Blackstar Film Fest 2023 Review: A Community Held Back Looks Forward in Violeta Ayala’s “La Lucha”

“When we’re vulnerable, this is where we get our strength,” Marcelo Vasquez tells the ragtag group of disabled activists that have joined him on a march from Cochabamba to the capital city of La Paz in Bolivia in “La Lucha.” His wife Felizia Ali, also wheelchair-bound, admits that opposites attract when it comes to their relationship when her husband is more likely to negotiate and make concessions than she would be, but nonetheless, it looks like neither will be doing so any time soon as they collect more and more followers en route to a sit-in to take place at Plaza Murillo where the national government convenes with the aim of securing a monthly pension of 500 Bolivian Boliviano or approximately $70 per month to help with expenses in a country that has done little to accommodate the handicapped.

If the protest itself was designed for people to take notice, there couldn’t be anyone more ideal to capture it than director Violeta Ayala, who previously made the gasp-inducing “Cocaine Prison” that illustrated a penitentiary system where the inmates paid for the type of cell they’d have and all find themselves relying in one way or another on the drug trade even after they’ve been incarcerated for being a part of it. The filmmaker doesn’t waste time in “La Lucha” grabbing your attention, opening with a scene of a man on crutches stopping traffic on a busy thoroughfare in the city, with cars and trucks slowing to his pace and it’s indicative of what’s to come as she joins Vasquez, Ali and Rose Mery Guarita, another leader in the Bolivian disabled community as they set off on a 35-day trek across mountains and freeways, accumulating more and more supporters as they go.

The march is treacherous as those with health issues already are threatened with pneumonia and malnutrition, but it turns out to pale in comparison with what’s awaiting them in La Paz where the eight gates around Plaza Murillo are fenced off for the first time in recent memory and the activists set up camp outside. Ayala’s films always feel raw and scrappy, but she has a sixth sense for capturing the unreal, not giving any ground when police and protestors begin to push one another outside the palace and observing the memorable sight of Guarita suspended in mid-air in her wheelchair from a bridge, speaking to supporters down below. All politics may be local, but there is no doubt from the bold subtitles used at the start of “La Lucha” — big and bright – that it is designed for an international audience, and the struggle being portrayed is one that’s neither limited to Bolivia or the time it takes place in – 2016, only being all too modern in the government’s tactics to quell the protests by launching an expensive communications campaign suggesting they’ve done more than enough for the disabled community, paying a PR firm to improve their image rather than engaging with the activists.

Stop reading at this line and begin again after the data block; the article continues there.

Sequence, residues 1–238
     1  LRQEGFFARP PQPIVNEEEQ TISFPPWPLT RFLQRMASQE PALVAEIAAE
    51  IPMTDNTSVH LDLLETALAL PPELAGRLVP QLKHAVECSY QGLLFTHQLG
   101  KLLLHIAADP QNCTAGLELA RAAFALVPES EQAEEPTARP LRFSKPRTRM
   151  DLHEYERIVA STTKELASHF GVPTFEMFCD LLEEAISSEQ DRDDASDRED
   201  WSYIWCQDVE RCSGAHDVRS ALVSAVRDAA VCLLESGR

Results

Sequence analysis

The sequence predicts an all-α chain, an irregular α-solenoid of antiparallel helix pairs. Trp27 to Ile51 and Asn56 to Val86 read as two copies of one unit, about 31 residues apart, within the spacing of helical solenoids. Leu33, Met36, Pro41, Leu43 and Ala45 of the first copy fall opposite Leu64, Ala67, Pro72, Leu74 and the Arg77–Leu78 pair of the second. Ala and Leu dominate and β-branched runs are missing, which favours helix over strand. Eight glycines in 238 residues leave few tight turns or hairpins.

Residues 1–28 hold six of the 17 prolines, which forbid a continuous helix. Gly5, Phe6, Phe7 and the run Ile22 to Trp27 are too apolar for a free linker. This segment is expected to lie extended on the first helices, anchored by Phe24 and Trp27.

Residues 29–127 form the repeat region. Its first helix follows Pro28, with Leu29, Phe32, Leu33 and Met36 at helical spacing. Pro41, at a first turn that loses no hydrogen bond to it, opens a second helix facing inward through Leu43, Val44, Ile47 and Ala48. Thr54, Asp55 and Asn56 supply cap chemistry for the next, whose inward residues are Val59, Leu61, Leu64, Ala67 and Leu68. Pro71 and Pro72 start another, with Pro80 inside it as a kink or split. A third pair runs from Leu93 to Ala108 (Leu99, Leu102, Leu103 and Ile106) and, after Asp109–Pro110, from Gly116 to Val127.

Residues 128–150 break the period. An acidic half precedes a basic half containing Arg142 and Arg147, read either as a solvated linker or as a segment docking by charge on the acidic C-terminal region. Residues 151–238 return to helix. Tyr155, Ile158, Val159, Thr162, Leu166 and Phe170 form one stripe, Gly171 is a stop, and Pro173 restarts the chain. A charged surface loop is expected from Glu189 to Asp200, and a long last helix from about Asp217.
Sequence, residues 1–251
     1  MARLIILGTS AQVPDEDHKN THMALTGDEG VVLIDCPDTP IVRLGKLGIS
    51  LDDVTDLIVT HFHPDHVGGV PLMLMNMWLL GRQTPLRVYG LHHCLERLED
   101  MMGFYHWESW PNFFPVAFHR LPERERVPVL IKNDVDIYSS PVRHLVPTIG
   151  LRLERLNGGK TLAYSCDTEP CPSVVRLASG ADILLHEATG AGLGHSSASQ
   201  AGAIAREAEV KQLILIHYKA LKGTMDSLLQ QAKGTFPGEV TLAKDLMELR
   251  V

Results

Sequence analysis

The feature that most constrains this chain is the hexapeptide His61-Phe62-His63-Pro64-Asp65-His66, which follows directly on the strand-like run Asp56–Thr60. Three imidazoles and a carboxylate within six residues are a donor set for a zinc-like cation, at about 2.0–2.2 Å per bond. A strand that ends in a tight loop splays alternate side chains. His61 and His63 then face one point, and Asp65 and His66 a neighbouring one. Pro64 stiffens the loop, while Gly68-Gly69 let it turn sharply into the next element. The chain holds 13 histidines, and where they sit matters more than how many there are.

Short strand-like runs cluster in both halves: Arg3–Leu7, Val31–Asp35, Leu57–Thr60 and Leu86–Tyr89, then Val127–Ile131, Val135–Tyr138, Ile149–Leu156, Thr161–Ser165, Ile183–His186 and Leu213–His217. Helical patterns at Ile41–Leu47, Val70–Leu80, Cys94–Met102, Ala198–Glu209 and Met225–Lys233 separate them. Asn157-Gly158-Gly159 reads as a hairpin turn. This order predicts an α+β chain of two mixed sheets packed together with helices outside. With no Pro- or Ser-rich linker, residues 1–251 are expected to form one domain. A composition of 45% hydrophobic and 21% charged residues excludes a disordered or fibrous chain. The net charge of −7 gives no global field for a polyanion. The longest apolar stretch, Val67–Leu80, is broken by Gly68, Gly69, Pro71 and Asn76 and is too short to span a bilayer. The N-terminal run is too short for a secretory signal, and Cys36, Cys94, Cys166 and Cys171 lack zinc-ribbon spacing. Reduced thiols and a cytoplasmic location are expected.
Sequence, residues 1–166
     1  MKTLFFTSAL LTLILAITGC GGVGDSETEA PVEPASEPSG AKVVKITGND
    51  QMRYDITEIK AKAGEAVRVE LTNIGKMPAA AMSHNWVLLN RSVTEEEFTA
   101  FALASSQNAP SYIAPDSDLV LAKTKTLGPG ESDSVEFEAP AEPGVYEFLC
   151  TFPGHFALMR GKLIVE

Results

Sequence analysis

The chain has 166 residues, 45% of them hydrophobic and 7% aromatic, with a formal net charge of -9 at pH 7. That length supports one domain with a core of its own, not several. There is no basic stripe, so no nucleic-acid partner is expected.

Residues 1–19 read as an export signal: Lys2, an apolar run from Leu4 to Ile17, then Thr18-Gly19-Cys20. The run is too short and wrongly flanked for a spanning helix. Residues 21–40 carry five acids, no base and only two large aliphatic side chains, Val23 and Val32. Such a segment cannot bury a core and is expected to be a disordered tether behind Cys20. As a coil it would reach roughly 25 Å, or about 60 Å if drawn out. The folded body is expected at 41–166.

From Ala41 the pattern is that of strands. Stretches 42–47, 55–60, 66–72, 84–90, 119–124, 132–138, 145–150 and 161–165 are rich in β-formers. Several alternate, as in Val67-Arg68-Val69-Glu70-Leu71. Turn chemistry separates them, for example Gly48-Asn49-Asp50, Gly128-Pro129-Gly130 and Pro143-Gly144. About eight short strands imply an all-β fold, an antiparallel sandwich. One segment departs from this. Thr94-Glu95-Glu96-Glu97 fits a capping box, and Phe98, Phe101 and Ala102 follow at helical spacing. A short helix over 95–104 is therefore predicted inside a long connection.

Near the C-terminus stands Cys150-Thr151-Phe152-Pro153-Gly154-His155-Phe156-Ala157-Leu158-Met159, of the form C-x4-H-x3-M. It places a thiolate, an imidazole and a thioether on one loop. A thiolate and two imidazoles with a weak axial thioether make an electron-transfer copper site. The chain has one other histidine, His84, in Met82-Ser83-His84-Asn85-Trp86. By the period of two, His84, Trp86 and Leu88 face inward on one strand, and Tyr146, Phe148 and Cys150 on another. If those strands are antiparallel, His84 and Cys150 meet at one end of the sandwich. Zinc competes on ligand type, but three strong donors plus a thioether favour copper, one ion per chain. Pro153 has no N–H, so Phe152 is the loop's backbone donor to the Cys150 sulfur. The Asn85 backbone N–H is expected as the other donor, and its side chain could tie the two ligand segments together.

While Ayala could be accused of serving the same purpose for the activists when she is hardly impartial, there is only one side to be on when seeing the activists blasted with fire hoses and given little regard as they start a hunger strike. But there is little need for the filmmaker to add much at all to the raw footage as “La Lucha” is able to illuminate the confidence gained by those who have lived without feeling as if they have an equal say even when the stated goals of their protests appear to be in doubt of being resolved and simply being around to hear them speak is powerful enough.

“La Lucha” is available to stream on Blackstar Film Festival‘s virtual platform through August 6th.

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